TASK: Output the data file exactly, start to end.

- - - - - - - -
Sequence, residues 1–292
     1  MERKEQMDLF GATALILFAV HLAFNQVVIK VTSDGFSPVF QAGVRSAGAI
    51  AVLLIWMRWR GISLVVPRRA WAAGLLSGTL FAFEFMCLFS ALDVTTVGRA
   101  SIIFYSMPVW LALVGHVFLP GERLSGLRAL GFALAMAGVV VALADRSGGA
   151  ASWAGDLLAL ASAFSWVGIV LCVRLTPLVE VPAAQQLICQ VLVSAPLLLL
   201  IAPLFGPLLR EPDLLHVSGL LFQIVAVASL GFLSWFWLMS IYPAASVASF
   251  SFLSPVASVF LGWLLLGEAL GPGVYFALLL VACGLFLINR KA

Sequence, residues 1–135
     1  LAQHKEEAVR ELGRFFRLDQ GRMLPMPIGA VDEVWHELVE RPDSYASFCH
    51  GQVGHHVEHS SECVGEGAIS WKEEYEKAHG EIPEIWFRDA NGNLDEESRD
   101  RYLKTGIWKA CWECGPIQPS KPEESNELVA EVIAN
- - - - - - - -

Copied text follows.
Sequence, residues 1–292
     1  MERKEQMDLF GATALILFAV HLAFNQVVIK VTSDGFSPVF QAGVRSAGAI
    51  AVLLIWMRWR GISLVVPRRA WAAGLLSGTL FAFEFMCLFS ALDVTTVGRA
   101  SIIFYSMPVW LALVGHVFLP GERLSGLRAL GFALAMAGVV VALADRSGGA
   151  ASWAGDLLAL ASAFSWVGIV LCVRLTPLVE VPAAQQLICQ VLVSAPLLLL
   201  IAPLFGPLLR EPDLLHVSGL LFQIVAVASL GFLSWFWLMS IYPAASVASF
   251  SFLSPVASVF LGWLLLGEAL GPGVYFALLL VACGLFLINR KA

Sequence, residues 1–135
     1  LAQHKEEAVR ELGRFFRLDQ GRMLPMPIGA VDEVWHELVE RPDSYASFCH
    51  GQVGHHVEHS SECVGEGAIS WKEEYEKAHG EIPEIWFRDA NGNLDEESRD
   101  RYLKTGIWKA CWECGPIQPS KPEESNELVA EVIAN